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Rocky Relationship With Your Child? Here's How To Fix It

Difficult relationships between parents and teens are often seen as inevitable. But what when these difficulties occur with a younger child? While rarely discussed, rocky relationships between parents and their younger children are quite common, according to a leading child psychotherapist.

Psychotherapist and attachment specialist at the Solamh Parent-Child Relationship Clinic, Joanna Fortune, says it can be a surprise to some parents when they find they are having difficulties or challenges in staying connected with their younger children.

“But this does happen, and more frequently than tends to be spoken about. Sometimes there is an issue and a parent feels they cannot fully address it for their child and this struggle impacts the relationship.”

According to Joanna, there are a number factors that can influence the parent-child relationship becoming out of synch. These include significant life events like a death, separation, a new baby in the home, moving house or illness. Put simply, when you have a lot going on in life, sometimes it’s more difficult to give your child the attention and time they need. 

Checking your own behaviour and seeing how it might affect your child is a good starting point towards improving the relationship, suggests Joanne.

“A young child needs their parent to be safe, calm, consistent and predictable so that they can co-regulate their emotions with the parent. Children do not learn to fully self-regulate their own emotions until they are over 7 years old, so if the parent is having challenges managing their own emotions, this will make it very difficult for the child to be calmed or soothed by the parent.”

Joanna also names unrealistic expectations by the parent as another cause of friction within a family.

“Sometimes, parents can expect too much of their child and this can lead to feelings of disappointment and frustration on the parent’s side, and shame and failure on the child's part. This can certainly impact on the parent-child relationship.”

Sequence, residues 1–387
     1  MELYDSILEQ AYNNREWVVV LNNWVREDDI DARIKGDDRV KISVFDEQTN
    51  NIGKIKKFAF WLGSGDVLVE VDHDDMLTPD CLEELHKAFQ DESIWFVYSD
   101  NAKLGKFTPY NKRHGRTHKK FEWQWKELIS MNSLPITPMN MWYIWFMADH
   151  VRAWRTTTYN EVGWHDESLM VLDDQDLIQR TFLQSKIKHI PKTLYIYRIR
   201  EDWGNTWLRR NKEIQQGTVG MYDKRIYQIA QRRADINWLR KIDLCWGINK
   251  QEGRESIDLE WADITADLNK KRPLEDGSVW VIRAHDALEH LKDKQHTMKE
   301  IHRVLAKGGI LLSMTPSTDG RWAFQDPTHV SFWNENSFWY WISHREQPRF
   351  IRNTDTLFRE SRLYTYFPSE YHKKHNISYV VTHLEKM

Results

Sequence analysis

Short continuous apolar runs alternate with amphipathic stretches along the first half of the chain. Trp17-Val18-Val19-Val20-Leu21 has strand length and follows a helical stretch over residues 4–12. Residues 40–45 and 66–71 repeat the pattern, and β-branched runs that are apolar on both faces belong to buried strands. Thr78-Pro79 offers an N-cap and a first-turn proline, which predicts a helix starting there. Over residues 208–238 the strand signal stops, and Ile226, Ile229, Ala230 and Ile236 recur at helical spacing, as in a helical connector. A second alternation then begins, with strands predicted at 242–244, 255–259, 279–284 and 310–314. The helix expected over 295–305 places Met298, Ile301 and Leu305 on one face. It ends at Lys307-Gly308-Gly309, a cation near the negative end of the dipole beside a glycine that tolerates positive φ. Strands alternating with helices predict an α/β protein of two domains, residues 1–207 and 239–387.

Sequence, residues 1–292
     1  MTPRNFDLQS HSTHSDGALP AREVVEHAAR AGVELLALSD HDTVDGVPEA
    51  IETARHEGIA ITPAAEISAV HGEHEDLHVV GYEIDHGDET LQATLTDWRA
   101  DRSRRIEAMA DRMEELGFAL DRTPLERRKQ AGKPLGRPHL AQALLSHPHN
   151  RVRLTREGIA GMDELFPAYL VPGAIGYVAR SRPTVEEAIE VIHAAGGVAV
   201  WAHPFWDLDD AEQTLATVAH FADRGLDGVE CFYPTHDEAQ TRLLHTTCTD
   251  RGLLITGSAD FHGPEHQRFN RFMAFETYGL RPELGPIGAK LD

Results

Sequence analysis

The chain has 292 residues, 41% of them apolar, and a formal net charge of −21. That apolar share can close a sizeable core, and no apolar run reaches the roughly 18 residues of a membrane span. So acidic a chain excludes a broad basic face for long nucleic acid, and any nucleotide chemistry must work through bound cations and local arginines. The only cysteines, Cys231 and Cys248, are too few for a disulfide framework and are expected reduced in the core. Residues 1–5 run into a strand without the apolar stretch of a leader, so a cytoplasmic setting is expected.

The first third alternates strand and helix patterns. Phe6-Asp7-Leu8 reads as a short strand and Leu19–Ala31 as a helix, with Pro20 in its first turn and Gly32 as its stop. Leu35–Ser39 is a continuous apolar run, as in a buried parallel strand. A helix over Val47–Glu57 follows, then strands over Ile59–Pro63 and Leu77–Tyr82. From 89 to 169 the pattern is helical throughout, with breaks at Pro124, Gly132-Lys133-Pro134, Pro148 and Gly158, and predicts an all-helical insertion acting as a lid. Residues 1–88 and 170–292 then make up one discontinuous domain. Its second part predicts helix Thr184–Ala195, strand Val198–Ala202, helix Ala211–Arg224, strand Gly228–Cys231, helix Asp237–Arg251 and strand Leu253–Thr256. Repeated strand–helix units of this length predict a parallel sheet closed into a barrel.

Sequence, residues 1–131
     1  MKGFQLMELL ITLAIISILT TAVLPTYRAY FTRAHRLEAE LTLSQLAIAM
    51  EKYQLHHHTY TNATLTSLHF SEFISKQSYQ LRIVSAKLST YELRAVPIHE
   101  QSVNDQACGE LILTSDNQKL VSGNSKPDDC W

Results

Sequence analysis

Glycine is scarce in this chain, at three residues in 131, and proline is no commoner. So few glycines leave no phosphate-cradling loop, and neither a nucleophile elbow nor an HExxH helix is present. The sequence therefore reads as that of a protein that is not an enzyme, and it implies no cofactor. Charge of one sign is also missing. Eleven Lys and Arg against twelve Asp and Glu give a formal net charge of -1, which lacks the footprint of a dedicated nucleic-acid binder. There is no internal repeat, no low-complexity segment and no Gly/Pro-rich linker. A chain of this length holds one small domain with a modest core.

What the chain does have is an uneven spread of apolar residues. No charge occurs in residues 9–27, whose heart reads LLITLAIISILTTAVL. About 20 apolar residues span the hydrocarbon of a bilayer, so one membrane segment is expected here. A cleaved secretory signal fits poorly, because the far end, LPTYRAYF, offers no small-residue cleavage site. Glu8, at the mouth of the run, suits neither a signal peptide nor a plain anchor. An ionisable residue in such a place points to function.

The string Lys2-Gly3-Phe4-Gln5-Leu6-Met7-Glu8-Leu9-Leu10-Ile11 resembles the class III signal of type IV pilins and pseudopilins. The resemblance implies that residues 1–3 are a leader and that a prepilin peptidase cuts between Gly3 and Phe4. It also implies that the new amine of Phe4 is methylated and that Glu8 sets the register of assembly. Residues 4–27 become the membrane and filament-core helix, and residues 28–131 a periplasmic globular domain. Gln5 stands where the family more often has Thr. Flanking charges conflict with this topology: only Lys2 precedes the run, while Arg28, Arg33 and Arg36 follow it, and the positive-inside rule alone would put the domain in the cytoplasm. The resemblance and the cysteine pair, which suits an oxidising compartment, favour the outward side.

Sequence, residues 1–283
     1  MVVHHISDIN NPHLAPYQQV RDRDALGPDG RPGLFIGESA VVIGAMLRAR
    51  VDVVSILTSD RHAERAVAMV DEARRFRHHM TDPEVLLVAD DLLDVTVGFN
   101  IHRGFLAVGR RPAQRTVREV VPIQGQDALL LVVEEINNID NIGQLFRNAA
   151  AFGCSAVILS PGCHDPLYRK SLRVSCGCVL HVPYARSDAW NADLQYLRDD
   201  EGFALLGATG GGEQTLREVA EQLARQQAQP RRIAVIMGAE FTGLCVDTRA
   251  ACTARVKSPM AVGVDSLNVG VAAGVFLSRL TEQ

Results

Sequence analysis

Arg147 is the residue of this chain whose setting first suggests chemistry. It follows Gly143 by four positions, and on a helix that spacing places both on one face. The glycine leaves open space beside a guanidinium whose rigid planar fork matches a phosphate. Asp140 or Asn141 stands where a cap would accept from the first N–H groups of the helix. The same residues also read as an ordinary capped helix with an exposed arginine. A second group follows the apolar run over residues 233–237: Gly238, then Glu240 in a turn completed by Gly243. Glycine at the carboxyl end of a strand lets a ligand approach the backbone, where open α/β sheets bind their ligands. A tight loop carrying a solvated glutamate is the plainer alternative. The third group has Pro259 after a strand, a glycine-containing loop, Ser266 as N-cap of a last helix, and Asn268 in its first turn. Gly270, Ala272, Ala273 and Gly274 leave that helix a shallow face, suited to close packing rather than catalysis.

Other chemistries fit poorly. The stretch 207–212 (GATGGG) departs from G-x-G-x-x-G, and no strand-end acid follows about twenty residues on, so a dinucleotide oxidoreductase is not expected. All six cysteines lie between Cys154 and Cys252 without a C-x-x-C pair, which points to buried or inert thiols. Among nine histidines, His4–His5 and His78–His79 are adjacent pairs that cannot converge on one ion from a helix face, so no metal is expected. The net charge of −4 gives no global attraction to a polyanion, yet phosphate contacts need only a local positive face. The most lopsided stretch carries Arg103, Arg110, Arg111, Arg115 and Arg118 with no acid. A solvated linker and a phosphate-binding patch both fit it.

Projecting is another reason that parents and children might struggle and is probably one of the more insidious and difficult ones to identify and act on. To figure out if this might be your reason for your struggle with your child, Joanna recommends reflecting on who your child reminds you of, then reflect on how you feel about that person.

“If you are parenting a child who reminds you of your father and you had a particularly challenging relationship with your father, then it is possible some of those unresolved feelings between you and your father are getting projected into the relationship between you and your child. ” 

While not being on the same page as your child can be stressful, Joanna says that staying connected with your child does not mean you always get along together.

“Rupture is a natural, normal part of the parent-child relationship and can be healthy, so long as it is followed quickly with a repair i.e. you fall out and then you make up. We do not have to be like someone in order to connect with them, so being of a different personality or temperament should not be enough alone to derail the parent-child relationship.”

Here are some of Joanna’s tips to help you stay connected with your child:

  • Take time out to reflect on how much of this is influenced by external factors and what practical steps can you take to address the external factors so that they do not impede on the relationship
  • Take time to learn your child and what interests them, what makes them happy. Even if these are not things that you are naturally inclined towards, engage in them with your child. In other words, show an interest in your child and what they like as this shows you are interested in them.
  • Play is the language of children -  it is how they communicate with the people in their world, it is how they understand their world and process their emotions and life experiences. We, as parents, must learn the language of our children and get comfortable playing with them. In this play, we follow their lead where possible and take charge when necessary.  
  • Take time out and spend some time with your child or each of your children separately. Children are individuals and we have to treat them as such, rather than only seeing them in their sibling group.  
  • Sometimes, things are bigger than you can manage to solve alone and there is a strength in recognising when your relationship needs more than this. In this instance, consult with a qualified specialist (child psychologist/psychotherapist) who can provide you with therapeutic support and in particular, a joint parent-child attachment-based therapy..  

More info on www.solamh.com


About the Author

Jo Lavelle is a freelance editor and journalist with 12 years experience in the magazine, newspaper and radio industry. During her magazine career, she was style and beauty editor, before going to be editor of a magazine group. She was also a news writer and reporter for both newspapers and radio, in addition to feature writing for the press. She’s mum to 18 month old Elise, and has another on the way!

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